Aside from HD Rumble, Joy-Con (Nintendo seems to prefer the plural without the 's') naturally utilise motion controls combined with that feedback. Mini-games have you swing and 'catch' virtual swords by recreating the motions, in the latter case clapping the remote into your other hand. They pick up motion to simulate dancing, just like Wii Remotes, and infamously they combine the impressive HD Rumble with motion in the 'Milk' game. While our thoughts on 1-2-Switch as a potential purchase are mixed at best, the game did showcase what these little controllers can do. Speaking personally, this writer has pre-ordered 1-2-Switch with the sole purpose of using it to show off the controllers. On the one hand it's a reluctant purchase, but the Joy-Con are that good that they need to be showcased.

Nintendo knows, of course, that the clever alignment of accurate motion controls (shown off effectively in ARMS demos, too) and that extraordinary HD Rumble are tough ideas to sell to those watching trailers. Some will simply say the Wii Remote had motion controls and vibrated, so what's the difference? It'll only be when more people really try them out that their features really become clear. We hope that, for those that don't buy 1-2-Switch, Nintendo will come up with a short and simple 'demo' download, as one idea, that shows Switch owners these clever little tricks.

Yet it's not just the impressive technology that matters with the Joy-Con, and the easy message for Nintendo to promote has been the diversity of uses and configurations. We had a lot of fun using them as small detached controllers while playing on the Switch screen in demos like Sonic Mania and the fantastic Snipperclips, and also popping them into those dinky wheels for Mario Kart 8 Deluxe. They can also become a rather modest 'proper' controller with the grip (though the Pro Controller is hard to resist for this sort of play), but most importantly enable that Switch portability.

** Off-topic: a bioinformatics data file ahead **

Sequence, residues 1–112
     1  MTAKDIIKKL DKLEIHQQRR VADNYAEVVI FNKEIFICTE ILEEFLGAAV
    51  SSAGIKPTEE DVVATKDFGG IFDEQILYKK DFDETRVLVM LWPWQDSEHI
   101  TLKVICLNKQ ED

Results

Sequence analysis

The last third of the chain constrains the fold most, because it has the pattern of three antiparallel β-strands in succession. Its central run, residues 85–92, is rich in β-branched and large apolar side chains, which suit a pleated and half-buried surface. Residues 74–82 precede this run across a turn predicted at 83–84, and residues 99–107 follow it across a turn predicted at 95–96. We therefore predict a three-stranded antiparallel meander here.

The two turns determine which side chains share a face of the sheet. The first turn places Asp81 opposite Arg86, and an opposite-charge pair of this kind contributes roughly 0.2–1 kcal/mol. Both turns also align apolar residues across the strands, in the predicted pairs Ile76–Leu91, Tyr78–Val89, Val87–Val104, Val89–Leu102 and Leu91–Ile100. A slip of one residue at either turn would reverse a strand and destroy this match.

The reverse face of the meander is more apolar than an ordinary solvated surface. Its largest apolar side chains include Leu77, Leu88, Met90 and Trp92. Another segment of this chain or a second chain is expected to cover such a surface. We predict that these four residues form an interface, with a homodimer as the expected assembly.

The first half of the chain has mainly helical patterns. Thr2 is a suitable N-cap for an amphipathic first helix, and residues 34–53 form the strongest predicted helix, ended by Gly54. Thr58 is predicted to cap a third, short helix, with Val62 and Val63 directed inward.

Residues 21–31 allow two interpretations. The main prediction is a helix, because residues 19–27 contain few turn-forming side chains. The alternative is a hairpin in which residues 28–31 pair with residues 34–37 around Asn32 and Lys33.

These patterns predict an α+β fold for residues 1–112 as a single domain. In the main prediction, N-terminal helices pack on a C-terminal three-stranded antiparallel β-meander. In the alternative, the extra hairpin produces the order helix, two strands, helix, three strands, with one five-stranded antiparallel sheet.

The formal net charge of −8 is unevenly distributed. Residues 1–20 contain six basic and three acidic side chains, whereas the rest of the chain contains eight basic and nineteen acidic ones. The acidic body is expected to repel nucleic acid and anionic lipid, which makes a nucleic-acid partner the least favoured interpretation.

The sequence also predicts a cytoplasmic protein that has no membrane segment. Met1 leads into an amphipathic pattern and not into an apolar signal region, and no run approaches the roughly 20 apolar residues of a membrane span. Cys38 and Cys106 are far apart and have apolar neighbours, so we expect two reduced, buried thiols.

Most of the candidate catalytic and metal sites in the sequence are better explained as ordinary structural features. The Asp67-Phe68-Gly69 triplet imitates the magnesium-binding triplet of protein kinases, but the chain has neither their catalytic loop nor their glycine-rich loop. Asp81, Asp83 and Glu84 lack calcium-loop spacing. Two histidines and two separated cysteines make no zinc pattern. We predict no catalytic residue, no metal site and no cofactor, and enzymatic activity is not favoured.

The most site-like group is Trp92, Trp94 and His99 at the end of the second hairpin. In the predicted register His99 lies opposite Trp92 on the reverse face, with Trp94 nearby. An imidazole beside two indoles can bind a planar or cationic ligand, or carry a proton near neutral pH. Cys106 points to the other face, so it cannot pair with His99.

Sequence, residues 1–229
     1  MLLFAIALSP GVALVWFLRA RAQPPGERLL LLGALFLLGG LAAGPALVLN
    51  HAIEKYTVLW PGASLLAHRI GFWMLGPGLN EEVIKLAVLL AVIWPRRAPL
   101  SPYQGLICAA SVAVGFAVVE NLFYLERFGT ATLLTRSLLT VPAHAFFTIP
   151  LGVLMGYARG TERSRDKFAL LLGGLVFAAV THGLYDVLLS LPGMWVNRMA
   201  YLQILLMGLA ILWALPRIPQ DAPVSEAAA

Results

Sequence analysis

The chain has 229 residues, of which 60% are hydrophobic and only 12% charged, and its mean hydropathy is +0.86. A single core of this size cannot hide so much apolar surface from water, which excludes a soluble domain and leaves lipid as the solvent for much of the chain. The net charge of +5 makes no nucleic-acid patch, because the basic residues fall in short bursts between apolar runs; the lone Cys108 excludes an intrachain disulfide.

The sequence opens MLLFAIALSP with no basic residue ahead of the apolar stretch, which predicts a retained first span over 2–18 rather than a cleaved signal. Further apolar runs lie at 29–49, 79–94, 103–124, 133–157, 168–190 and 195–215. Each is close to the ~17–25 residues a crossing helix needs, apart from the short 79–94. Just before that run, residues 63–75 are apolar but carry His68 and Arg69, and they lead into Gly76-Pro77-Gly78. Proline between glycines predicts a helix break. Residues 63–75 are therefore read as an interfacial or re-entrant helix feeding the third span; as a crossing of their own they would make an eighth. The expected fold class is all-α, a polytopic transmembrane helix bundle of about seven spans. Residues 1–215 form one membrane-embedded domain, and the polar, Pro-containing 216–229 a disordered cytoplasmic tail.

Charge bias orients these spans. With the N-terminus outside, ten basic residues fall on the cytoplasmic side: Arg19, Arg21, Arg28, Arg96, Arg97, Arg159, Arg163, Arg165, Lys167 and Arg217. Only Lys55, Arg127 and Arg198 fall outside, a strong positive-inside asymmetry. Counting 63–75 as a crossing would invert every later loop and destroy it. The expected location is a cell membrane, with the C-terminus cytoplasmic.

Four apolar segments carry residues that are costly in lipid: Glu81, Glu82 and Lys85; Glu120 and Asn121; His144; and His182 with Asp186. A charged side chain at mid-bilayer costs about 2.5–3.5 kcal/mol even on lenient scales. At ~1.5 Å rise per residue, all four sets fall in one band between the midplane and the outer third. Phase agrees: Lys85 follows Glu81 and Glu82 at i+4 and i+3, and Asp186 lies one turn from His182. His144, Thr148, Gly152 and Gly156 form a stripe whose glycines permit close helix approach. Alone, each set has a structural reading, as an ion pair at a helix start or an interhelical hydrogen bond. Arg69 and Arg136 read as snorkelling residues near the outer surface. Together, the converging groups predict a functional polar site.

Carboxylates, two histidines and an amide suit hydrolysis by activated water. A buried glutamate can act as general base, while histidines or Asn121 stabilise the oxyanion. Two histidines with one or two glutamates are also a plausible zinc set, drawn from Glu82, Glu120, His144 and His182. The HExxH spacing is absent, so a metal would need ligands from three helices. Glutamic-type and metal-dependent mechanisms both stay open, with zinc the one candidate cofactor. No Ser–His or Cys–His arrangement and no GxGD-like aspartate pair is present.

When clipped into the console it feels like a carefully designed fit, showing that Nintendo ensured that the weight and balance work well. When playing Mario Kart 8 Deluxe and Breath of the Wild with the standard Joy-Cons + Switch format, it felt comfortable and better than expected, frankly; that general though applies to the Joy-Con in general. They look so small, even as you pick them up, that you expect it to be a problem. Yet they seemed to just work, even when we were initially scratching our heads figuring out which way to hold them in ARMS.